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Intracranial anatomy of Romundina stellina Ørvig 1975 (Vertebrata, Placodermi, Acanthothoraci) revealed by phase contrast synchrotron imaging
Uppsala University, Disciplinary Domain of Science and Technology, Biology, Department of Organismal Biology, Evolution and Developmental Biology.
Uppsala University, Disciplinary Domain of Science and Technology, Biology, Department of Organismal Biology, Evolution and Developmental Biology.
Muséum National D'Histoire Naturelle, Paris, France. (Département Histoire de la Terre)
European Synchrotron Radiation Facility, Grenoble, France.
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2011 (English)In: Abstracts: The 2nd Wiman meeting Carl Wiman's Legacy: 100 years of Swedish Palaeontology: Uppsala 17–18 November 2011 / [ed] Benjamin P. Kear, Michael Streng, 2011, 6-6 p.Conference paper, Published paper (Other academic)
Abstract [en]

Acanthothoracid placoderms are considered amongst the most basal of primitive gnathostomes. However, their endocranial morphology is poorly understood, and only one genus (Brindabellaspis) has been described in detail. Here we present a synchrotrongenerated 3D reconstruction of a nearly complete skull of Romundina stellina, a taxon established in 1975 by the Norwegian-born Swedish palaeontologist Tor Ørvig based on remains from the Lochkovian (Lower Devonian) of Prince of Wales Island, Canadian Arctic Archipelago. The specimen was imaged with propagation phase contrast microtomography on the ID19 beamline of the ESRF, using a 7.45 µm isotropic voxel size. Most structural features of the fossil are very well preserved, allowing missing elements to be virtually rebuilt by symmetry. This permitted reconnection of the external foramina and blood vessel/nerve canals, and alignment of the central/internal structures. Expanding on Ørvig’s original interpretations, our virtual models show the vasculature of the skull bones, and indicate establishment of successive dermal over perichondral bone layers. The perichondral bone wrapping the endocranial cavity, in between the trigeminal and vagus nerve (and the inner ears), shows a “lace” pattern, which is otherwise unknown in vertebrates (presumably because of the lack of data). The significance of this trait is unclear but it is not an artifact of taphonomy or scanning.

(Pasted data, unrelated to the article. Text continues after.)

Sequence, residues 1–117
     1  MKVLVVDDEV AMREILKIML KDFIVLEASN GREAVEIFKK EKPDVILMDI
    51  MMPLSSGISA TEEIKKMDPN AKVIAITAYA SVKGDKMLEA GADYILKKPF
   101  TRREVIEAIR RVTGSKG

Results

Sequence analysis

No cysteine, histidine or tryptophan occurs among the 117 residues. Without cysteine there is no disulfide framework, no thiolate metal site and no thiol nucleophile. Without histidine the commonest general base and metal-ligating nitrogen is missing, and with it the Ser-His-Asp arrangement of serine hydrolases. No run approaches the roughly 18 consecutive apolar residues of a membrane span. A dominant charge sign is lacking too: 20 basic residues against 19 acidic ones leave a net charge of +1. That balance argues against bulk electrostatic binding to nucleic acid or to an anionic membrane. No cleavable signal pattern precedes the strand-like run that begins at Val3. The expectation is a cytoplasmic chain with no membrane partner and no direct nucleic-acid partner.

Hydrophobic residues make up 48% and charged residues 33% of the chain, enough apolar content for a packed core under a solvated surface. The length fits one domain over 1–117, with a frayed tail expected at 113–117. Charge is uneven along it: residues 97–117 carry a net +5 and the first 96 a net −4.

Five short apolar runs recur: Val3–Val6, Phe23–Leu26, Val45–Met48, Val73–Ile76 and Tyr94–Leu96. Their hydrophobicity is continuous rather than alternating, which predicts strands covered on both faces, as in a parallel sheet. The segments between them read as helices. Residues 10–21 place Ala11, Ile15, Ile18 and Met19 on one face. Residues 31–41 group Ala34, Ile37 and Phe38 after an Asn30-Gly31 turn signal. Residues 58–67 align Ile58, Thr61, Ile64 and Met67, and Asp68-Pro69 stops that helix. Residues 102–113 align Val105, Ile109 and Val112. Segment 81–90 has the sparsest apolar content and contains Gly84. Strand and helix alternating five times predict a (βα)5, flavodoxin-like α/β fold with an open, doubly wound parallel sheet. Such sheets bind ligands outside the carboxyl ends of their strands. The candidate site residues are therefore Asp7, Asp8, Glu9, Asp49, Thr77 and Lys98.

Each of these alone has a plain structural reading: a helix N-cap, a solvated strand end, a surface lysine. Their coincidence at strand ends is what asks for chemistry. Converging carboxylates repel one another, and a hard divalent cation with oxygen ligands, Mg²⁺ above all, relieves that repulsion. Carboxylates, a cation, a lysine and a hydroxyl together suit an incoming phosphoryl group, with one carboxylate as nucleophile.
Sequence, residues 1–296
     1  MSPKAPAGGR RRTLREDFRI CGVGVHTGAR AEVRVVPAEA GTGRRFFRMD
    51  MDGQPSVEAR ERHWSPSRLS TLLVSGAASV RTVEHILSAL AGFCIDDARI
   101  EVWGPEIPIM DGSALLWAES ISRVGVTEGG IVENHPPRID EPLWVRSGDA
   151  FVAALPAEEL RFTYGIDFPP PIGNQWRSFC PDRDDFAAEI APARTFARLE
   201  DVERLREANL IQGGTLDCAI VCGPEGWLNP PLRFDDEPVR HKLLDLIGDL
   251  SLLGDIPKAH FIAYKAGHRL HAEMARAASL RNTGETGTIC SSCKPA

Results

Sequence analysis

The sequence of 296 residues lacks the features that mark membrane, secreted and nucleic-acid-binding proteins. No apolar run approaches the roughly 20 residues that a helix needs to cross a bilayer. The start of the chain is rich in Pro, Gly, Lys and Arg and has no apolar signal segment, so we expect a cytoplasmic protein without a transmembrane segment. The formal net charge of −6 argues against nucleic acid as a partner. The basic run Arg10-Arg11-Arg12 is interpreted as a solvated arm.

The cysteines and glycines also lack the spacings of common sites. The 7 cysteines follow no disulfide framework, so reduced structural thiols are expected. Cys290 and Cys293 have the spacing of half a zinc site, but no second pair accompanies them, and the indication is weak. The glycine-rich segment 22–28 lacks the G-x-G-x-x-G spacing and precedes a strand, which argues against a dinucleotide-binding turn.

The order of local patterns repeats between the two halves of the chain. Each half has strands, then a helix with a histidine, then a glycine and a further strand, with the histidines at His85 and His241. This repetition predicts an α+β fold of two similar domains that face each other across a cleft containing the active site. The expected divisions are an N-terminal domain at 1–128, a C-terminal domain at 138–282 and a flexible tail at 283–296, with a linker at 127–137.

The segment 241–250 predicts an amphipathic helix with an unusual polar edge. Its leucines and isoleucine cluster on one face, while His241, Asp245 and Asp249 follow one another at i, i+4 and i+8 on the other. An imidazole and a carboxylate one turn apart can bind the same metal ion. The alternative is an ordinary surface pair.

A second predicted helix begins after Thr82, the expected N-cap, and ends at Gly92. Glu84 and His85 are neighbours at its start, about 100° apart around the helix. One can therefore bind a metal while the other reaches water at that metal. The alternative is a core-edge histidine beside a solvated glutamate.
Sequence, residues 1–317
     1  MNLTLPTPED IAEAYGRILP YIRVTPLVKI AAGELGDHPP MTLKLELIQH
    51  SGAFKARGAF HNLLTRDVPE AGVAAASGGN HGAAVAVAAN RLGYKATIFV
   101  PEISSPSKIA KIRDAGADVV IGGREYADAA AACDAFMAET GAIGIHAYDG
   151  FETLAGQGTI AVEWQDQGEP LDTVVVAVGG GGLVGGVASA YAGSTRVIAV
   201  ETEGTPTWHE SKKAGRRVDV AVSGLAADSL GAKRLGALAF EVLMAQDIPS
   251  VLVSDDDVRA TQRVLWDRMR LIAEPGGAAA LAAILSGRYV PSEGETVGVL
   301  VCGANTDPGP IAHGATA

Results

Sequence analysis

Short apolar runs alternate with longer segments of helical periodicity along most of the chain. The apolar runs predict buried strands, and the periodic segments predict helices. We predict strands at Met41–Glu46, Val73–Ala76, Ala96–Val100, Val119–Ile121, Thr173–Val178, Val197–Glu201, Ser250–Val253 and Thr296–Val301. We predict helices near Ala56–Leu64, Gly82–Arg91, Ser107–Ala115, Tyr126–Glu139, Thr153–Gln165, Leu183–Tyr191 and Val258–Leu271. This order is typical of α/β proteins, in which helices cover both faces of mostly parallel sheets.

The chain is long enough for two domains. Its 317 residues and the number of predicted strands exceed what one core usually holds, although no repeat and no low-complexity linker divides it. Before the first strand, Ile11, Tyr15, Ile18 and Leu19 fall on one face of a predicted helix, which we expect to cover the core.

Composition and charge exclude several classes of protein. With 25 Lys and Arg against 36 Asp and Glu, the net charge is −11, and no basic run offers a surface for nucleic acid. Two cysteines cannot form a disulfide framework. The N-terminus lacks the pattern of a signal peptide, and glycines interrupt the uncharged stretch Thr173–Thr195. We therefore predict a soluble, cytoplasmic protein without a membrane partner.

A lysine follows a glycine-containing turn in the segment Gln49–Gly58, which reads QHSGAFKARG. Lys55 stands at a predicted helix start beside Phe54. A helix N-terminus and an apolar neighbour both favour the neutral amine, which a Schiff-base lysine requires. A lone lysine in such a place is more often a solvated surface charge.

Place, publisher, year, edition, pages
2011. 6-6 p.
National Category
Earth and Related Environmental Sciences Evolutionary Biology
Identifiers
URN: urn:nbn:se:uu:diva-165759OAI: oai:DiVA.org:uu-165759DiVA: diva2:474615
Conference
2nd Wiman Meeting on Scandinavian-Baltic Palaeontology. Carl Wiman's Legacy: 100 years of Swedish Palaeontology, Uppsala, Sweden, 17–18 November, 2011
Available from: 2012-01-09 Created: 2012-01-09 Last updated: 2015-08-10Bibliographically approved

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Sanchez, SophieAhlberg, Per

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